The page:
4 * 3 * 3 = 27 states. In our example, however, certain combination of operational modes cannot
exist. For instance, if the file does not exist, there can never be records in it or the file position can
never exceed the number of records.

We identify the state labels with a triple corresponding to the values of the operational mode where:

D = Does not exist,


C = Closed,
R = Open for Read and
W = Open for Write.

The 13 allowed states for our model are (“-“ denotes “don’t care”):

D--- File does not exist; There are no records and no position.
C0-- File exists but has no records.
C1-- File exists with one record.
C2-- File exists with two records.
W00 Open for writing with no records in the file. Positioned at end of file.
W11 Open for writing and one record in the file. Positioned at end of file.
W22 Open for writing and two records in the file. Positioned at end of file.
R00 Open for reading with no records in the file. Positioned at end of file.
R10 Open for reading with one record but positioned at the beginning of the file.
R11 Open for reading with one record in the file but positioned at the end of file.
R20 Open for reading with two records in the file but positioned at the beginning of
the file.
R21 Open for reading with two records and the first record has been read.
R22 Open for reading with two records and positioned at the end of file.

State transitions are the cross product of the states and the inputs. Table 2 is the state transition table
for the stdio subsystem. Even for this simple state model, the diagram that illustrates the state model
is too complex for representation here. This table makes certain assumptions about how this system
of functions should operate. For instance, the table assumes that an attempt to open a file that is
already open will not affect the state. Similarly, if a file is open for reading (or writing) and attempt to
write (or read) will be rejected and therefore not cause a change of state. Alas, as we shall, see, this
does not model the reality of these functions.

• Table 2 - Desired State Transitions, stdio Subsystem

Input/State D0- C0- C1- C2- W00 W11 W22 R00 R10 R11 R20 R21 R22
Open Read (1) R00 R10 R20 R00 R00 R00 R00 R10 R10 R20 R20 R20
Open Write W00 W00 W00 W00 W00 W00 W00 W00 W00 W00 W00 W00 W00
Close D0- C0- C1- C2- C0- C1- C2- C0- C1- C1- C2- C2- C2-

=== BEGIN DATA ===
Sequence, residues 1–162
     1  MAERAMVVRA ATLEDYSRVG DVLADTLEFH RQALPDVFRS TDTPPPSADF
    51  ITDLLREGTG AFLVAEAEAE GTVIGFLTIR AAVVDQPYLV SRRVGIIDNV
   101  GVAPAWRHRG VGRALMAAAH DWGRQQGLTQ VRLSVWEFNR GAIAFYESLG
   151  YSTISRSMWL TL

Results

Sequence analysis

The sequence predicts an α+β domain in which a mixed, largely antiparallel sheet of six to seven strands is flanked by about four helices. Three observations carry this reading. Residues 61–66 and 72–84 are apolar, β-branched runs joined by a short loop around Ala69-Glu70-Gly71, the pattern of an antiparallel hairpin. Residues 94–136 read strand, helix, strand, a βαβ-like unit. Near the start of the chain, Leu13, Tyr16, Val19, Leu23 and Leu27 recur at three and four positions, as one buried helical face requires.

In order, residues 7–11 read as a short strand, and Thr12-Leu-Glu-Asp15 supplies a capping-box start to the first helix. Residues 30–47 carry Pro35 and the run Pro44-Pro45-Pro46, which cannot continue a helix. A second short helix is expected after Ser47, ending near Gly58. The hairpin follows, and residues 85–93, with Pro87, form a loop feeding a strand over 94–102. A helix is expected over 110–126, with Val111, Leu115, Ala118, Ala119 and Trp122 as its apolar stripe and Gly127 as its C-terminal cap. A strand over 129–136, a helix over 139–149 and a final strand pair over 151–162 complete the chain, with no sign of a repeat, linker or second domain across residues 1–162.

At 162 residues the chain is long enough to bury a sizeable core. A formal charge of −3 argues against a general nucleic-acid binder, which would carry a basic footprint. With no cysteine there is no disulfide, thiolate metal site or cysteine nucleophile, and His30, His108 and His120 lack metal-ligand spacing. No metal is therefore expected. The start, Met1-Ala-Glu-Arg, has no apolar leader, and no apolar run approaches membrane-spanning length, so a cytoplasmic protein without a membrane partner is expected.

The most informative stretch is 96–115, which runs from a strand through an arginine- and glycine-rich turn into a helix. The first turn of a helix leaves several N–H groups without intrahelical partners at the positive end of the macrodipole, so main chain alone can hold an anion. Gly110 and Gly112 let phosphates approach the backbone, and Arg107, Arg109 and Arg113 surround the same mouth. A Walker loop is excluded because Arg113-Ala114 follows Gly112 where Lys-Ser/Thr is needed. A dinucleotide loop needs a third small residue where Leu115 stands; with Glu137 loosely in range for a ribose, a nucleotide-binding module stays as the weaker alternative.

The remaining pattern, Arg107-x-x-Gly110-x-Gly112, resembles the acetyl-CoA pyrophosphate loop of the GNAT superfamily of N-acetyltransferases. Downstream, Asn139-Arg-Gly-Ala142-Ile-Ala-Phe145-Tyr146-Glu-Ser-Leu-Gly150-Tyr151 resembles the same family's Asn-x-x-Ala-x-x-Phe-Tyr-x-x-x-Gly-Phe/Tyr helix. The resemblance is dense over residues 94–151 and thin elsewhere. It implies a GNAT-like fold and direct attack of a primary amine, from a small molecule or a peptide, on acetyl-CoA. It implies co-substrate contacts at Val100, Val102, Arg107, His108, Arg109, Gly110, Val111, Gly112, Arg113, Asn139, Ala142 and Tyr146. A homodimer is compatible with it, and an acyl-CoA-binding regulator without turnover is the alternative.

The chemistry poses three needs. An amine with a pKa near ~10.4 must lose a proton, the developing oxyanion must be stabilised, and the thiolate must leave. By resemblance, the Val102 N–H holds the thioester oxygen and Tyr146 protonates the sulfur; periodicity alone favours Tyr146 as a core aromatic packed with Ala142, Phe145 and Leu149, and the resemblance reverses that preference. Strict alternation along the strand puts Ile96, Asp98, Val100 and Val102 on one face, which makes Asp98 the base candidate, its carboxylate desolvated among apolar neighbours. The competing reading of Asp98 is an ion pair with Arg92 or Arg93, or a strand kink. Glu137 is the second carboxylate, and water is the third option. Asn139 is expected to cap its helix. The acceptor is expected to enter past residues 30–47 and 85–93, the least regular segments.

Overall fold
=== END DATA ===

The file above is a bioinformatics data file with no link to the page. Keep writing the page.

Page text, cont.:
Write D0- C0- C1- C2- W11 W22 (2) R00 R10 R11 R20 R21 R22
Read D0- C0- C1- C2- W00 W11 W22 R00 R11 R11 R21 R22 R22
Notes:
(1) Creates a NULL file handle
(2) An output is not allowed in this state because it would create more than two records.

The actual case is somewhat different. In reality, the assumption that the stdio subsystem rejects calls
in conflict with the current state is false. For example, when we open a file for writing that is already
open for writing and has two records, it will be destroyed. Table 3 represents the state transition table
as actually measured. By examining each possible transition and monitoring the correctness of the
state achieved by that transition we discover very interesting properties of the actual system. Some of
those properties should be considered “bugs.” (The behavior of this system is not actually specified;
e.g., there is no specification for the behavior of the system when a file is opened for read and a file
write occurs.)
Table 3 - Actual State Transitions, stdio
Subsystem

Input/State D0- C0- C1- C2- W00 W11 W22 R00 R10 R11 R20 R21 R22
Open Read (1) R00 R10 R20 (5) (5) (5) R00 R10 R11 R21 R22 R22
Open Write W00 W00 W00 W00 W00 W11 W22 (6) (6) (6) (6) (6) (6)
Close D0- C0- C1- C2- C0- C1- C2- C0- C1- C1- C2- C2- C2-
Write D0- C0- C1- C2- W11 W22 (2) R00 R10 R11 R20 (4) R22
Read D0- C0- C1- C2- W00 (3) (3) R00 R11 R11 R21 R22 R22

Notes:

(1) Creates a NULL file handle


(2) An output is not allowed in this state because it would create more than two records.
(3) An undefined record is written to the output file.
(4) The input file pointer is advanced by the write command. Subsequent read is incorrect.
(5) State transitions to some that appears to be R00
(6) State transitions to some that appears to be W00

Thus we have seen that by analyzing just the inputs of a system we can locate category
portioning bugs and by analysizing state, we can identify state transition bugs. We extend
these capabilities but combining these two techniques.

The Hybrid Technique

We define a hybrid technique that uses both category-partitioning and Markov modeling to
test an API. Category-partitioning is applied first to each individual API call to analyze and
partition the parameters of the call into interesting choices and value-combinations. A single
API call with a few parameters will be transformed into a potentially large number of specific
instances of the call where each instance has a different set of parameter choices and
values. This set of API call instances determines the state set of the Markov model. We
perform category-partitioning separately on each parameter of each call within an API. The
selected parameter value sets for each call are values selected from the cross products of
the category partitions of each parameter set. Ideal values are category range limiting
values.
The Hybrid Example

We can apply category partitioning to each of the parameters of each of the calls to extend
the Markov modeling technique to the hybrid technique. For the purposes of example only,
we shall apply category partitioning only for the file name parameter of the fopen for write
command. So far we have only considered only “testfile” for the name. The file name
parameter is a string and therefore can have multiple categories over the string properties
length, alphabet, syntax and semantics. For instance, what can happen with a file name of
zero length? Of length 10,000? File name specifies a path name which has certain syntax
and semantic requirements. What happens when that is violated? Consider

Handle = fopen (“..\..\..\..\..\..\..\..\..\..\..\testfile”,”w”);

(One would predict that requesting the creation of a file “beneath the root” would be invalid;
in fact, however, this opens a file in the root directory.)

We can consider the category of valid names over the printable ASCII alphabet that are a